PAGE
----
With a general plan amendment initiation currently wending its way through the works of Goleta’s planning staff, Peikert Group Architects presented conceptual information for Kenwood Village – a 60-unit residential development proposed for the 10-acre agricultural parcel on Calle Real near El Encanto Heights, adjacent to the future site of the recently approved Citrus Village – before the Goleta Planning Commission on Monday.
Many details of the project have yet to be fine-tuned, but the project would essentially consist of 15 single-family residences and 45 multiple-family residences arranged in a series of duplexes and triplexes. Lisa Plowman, a Peikert spokesperson, touted the “traditional neighborhood” theme of the development, which would include front porches, rear garages and car ports, and Craftsman and farmhouse-style architectural details.
A number of neighbors turned up in opposition of the project, most of them residents of El Encanto Heights who worried about the impacts it would have on what they said is an already intense traffic scenario on that portion of Calle Real.
Aside from traffic, the requirement of a general plan amendment and growing concern about the Goleta Water District’s water supply were touched upon as well. “I say this project is a bad idea,” said Harry Rouse, an El Encanto resident for more than 30 years. “It’s too big, too crowded, too inaccessible, and has too many negative impacts on safety, air pollution, and water resources.” There were, however, two voices in support of the development, both stating that the need for more affordable housing in the area justified both the conversion of agricultural land and the scale of the project. Plowman said that although Peikert planned a detailed study of the economic viability of agriculture on the property, the limited study they have already conducted has indicated that farming there would not be a profitable venture.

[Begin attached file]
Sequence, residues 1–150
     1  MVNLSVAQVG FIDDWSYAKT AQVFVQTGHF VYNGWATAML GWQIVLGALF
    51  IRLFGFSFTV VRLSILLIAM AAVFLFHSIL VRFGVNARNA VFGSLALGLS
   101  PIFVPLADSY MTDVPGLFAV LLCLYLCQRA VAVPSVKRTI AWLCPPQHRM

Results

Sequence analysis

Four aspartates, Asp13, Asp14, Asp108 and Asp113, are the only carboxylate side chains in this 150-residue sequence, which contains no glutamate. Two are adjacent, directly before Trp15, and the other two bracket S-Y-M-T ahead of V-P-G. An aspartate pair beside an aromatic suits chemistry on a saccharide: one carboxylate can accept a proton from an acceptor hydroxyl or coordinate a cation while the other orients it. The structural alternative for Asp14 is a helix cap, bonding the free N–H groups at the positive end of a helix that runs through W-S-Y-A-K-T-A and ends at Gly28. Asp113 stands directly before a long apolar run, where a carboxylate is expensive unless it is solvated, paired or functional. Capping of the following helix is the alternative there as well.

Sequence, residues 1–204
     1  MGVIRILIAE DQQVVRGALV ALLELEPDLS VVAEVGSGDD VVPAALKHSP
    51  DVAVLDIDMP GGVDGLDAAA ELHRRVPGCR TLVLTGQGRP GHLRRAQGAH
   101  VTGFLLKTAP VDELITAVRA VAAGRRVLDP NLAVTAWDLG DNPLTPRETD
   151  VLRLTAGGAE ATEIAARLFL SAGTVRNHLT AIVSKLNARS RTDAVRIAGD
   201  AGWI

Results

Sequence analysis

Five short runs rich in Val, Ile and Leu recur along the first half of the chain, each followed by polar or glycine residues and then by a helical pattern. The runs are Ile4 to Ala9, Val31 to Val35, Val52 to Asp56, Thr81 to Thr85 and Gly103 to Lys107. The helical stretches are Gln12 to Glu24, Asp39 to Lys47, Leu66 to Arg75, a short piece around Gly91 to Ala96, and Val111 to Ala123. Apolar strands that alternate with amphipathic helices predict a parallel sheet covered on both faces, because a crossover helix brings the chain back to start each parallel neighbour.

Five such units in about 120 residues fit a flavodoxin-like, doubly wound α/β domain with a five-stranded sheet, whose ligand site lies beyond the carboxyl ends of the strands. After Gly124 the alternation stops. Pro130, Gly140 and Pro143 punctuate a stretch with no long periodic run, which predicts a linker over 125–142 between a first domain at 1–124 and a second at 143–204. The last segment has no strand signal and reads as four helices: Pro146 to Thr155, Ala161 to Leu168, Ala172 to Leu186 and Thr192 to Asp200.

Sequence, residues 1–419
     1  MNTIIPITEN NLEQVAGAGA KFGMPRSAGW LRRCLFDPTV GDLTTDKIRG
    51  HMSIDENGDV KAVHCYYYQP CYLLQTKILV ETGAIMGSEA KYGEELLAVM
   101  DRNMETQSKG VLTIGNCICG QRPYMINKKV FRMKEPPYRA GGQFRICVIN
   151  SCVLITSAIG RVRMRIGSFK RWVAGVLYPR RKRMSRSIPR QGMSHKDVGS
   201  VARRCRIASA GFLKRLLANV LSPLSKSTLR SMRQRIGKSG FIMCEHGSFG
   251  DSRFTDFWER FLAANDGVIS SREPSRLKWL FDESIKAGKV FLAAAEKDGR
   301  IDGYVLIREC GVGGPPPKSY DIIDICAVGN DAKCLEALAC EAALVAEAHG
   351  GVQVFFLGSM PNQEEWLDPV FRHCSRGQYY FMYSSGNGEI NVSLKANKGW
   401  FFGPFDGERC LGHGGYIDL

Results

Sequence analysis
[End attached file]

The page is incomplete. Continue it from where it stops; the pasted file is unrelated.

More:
As presented, the plan includes a pocket park and seasonal retention basin as common open space, but planning commissioners voiced concern about the adequacy of such a small area of open space in a community of the size of the proposed Kenwood Village. Plowman said Peikert is still attempting to determine whether the retention basin, which she said would be dry most of the year, qualifies as open space. The issue of green building was also raised, with planning commissioners imploring the applicant to examine more closely the cost effectiveness of including photovoltaic panels in the design. “Design integration is more cost effective than retrofitting,” said Commissioner Bill Sheilor. Plowman replied that the cost is currently too high, but that Peikert plans to design the buildings so that photovoltaics are relatively easy for homeowners to install.
Details about the presence of affordable housing in the project, which varieties would be available, and how they would be situated remain somewhat murky, causing Commissioner Jonny Wallis to request more information. Commissioners also seemed intent on keeping building heights down to a level compatible both with the surrounding El Encanto Heights, and with the preservation of scenic views of the Santa Ynez Mountains. Currently, the design calls for maximum building heights of 35 feet.